Why The Snooper’s Charter Is Horrifying

The Investigatory Powers Bill, more commonly known as the Snooper’s Charter was passed into law this week giving government agencies in the UK unprecedented access to its citizens online activity.

The hysteria surrounding the government being able to spy on its citizens is somewhat unfounded as they’ve been doing it for years anyway, but what’s more troubling is the amount of government bodies that can access your personal information and why.

Included in the list of government bodies are the NHS and the Department for Work and Pensions (DWP). With growing concern from British taxpayers that the benefits system and NHS are being exploited, it’s not entirely far-fetched to imagine scenarios where these departments could exercise an alarming amount of control.

Say you’re claiming Jobseeker’s Allowance or another out of work benefit. With JSA you have to prove that you’re doing what the DWP has asked you to do each week, which is usually along the lines of listing what jobs you’ve applied for, interviews you’ve set up/had etc. However, they can now legally look at your online history and see what else you’ve been doing. If you went to the cinema or ordered a takeaway online, the DWP could claim that you’re spending your allowance on luxuries rather than living.

Some people will say that that’s fair enough, but what right do the DWP have to dictate your way of life? If an employer told you that they were cutting your wage because you’d demonstrated that you had more money than you needed, you would be up in arms. In other words, should it matter how you live your life, so long as you’re meeting the requirements to receive these benefits? Opinion here will be split as a lot of people will find the idea of such government control abhorrent, but a lot of people would agree as the idea that their tax money is going (albeit very indirectly) to pay for others’ luxuries.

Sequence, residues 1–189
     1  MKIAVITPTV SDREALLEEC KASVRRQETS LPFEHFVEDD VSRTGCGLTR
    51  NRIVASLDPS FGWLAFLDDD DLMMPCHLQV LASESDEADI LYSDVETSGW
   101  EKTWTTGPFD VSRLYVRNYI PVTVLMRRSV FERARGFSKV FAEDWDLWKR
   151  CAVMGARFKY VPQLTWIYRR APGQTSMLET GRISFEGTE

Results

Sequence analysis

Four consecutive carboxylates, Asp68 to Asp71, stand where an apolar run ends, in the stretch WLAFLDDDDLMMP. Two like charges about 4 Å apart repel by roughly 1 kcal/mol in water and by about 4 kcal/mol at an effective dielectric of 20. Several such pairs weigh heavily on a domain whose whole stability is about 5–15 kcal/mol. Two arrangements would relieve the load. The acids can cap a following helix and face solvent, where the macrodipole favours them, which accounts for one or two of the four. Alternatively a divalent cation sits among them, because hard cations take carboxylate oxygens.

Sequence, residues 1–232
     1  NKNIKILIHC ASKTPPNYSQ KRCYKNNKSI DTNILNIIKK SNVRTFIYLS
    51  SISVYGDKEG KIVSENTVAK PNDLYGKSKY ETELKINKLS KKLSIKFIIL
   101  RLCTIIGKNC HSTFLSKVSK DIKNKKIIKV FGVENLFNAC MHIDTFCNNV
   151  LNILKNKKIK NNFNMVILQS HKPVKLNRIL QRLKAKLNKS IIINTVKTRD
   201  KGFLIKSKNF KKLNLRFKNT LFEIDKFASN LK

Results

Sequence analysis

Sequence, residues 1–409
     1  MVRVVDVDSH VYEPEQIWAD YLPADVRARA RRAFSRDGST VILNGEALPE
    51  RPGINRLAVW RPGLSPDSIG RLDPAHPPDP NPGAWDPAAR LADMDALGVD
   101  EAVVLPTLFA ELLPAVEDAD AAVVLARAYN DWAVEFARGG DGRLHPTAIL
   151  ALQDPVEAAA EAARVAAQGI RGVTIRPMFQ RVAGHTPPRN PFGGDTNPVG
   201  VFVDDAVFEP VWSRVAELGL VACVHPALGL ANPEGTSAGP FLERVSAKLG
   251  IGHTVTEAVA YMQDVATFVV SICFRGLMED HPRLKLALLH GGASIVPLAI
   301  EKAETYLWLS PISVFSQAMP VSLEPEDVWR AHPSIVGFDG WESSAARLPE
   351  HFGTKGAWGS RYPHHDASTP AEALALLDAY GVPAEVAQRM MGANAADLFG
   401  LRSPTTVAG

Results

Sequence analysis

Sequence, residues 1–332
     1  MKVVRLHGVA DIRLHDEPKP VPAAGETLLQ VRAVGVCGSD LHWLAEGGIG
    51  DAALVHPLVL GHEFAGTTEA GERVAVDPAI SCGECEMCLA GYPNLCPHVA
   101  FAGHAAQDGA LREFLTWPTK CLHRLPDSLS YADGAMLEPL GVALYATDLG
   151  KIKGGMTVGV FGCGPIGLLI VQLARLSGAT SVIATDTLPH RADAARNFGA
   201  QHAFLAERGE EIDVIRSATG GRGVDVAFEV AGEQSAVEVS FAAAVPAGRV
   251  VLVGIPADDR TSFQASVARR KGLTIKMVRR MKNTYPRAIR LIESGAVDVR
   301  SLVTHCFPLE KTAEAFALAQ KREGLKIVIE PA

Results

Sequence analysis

On the other hand, could the NHS refuse treatment to people who they can prove don’t live a healthy enough lifestyle? That’s significantly less likely, as you don’t need to look at someone’s internet history to find that out, but it’s just another way to reiterate the amount of control that government bodies could have in the future and just how much it could affect people’s lives.

However, far scarier than all of this, is not with the lawmakers, but those that operate outside the law. The government has promised to use these powers, in part, to catch cyber criminals, but cyber criminals are, by definition, quite good at hacking into sites and databases that they shouldn’t be.

Companies that do most of their business online spend a lot of money on making their servers secure so that customers and/or clients won’t be put off using them, but Google recently had a lot of its gmail accounts hacked. Sony’s Playstation Network was notoriously hacked a few years ago.

The government don’t have the profit motivation to keep their databases as secure and so it’s a very real worry that internet users in the UK are at risk of having their personal information viewed by people with deliberate malicious intent. Skilled hackers could access your bank accounts, emails, shopping habits, online interests and target you, should the government store information on you.

Maybe I’m being paranoid, though. The idea of privacy has changed significantly in the last few generations, mainly due to the advent of the World Wide Web. The idea of sharing so much of your life on social media, is bizarre and uncomfortable to people who grew up pre-internet. Maybe, this is just a normal progression in human behaviour, where as we all become more connected, it becomes a lot more unusual to keep secrets, to be so private about your life. With so many people using the internet every day, giving away loads of information, posting, blogging, vlogging and so on; the amount of background noise makes it impossible to single any one person out, and the chances of being negatively affected by online surveillance are as slim as they are for being subjected to real-life surveillance. In other words, safety in numbers.

 

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